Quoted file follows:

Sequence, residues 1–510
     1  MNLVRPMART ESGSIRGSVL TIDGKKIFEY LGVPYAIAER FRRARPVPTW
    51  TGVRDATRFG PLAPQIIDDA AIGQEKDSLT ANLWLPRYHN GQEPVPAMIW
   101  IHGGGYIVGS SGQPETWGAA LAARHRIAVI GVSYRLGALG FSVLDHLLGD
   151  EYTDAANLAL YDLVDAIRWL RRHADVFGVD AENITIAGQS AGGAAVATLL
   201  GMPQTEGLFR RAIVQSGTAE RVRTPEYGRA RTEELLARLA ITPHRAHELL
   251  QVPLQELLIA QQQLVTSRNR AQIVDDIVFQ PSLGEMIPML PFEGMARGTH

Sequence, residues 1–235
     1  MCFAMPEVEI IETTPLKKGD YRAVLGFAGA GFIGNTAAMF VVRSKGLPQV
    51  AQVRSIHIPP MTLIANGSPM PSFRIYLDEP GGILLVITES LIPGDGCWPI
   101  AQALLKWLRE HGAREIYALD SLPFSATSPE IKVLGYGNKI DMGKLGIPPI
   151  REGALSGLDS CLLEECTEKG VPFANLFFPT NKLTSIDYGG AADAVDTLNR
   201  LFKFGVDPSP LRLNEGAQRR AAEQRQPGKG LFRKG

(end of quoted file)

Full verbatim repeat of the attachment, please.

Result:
Sequence, residues 1–510
     1  MNLVRPMART ESGSIRGSVL TIDGKKIFEY LGVPYAIAER FRRARPVPTW
    51  TGVRDATRFG PLAPQIIDDA AIGQEKDSLT ANLWLPRYHN GQEPVPAMIW
   101  IHGGGYIVGS SGQPETWGAA LAARHRIAVI GVSYRLGALG FSVLDHLLGD
   151  EYTDAANLAL YDLVDAIRWL RRHADVFGVD AENITIAGQS AGGAAVATLL
   201  GMPQTEGLFR RAIVQSGTAE RVRTPEYGRA RTEELLARLA ITPHRAHELL
   251  QVPLQELLIA QQQLVTSRNR AQIVDDIVFQ PSLGEMIPML PFEGMARGTH

Sequence, residues 1–235
     1  MCFAMPEVEI IETTPLKKGD YRAVLGFAGA GFIGNTAAMF VVRSKGLPQV
    51  AQVRSIHIPP MTLIANGSPM PSFRIYLDEP GGILLVITES LIPGDGCWPI
   101  AQALLKWLRE HGAREIYALD SLPFSATSPE IKVLGYGNKI DMGKLGIPPI
   151  REGALSGLDS CLLEECTEKG VPFANLFFPT NKLTSIDYGG AADAVDTLNR
   201  LFKFGVDPSP LRLNEGAQRR AAEQRQPGKG LFRKG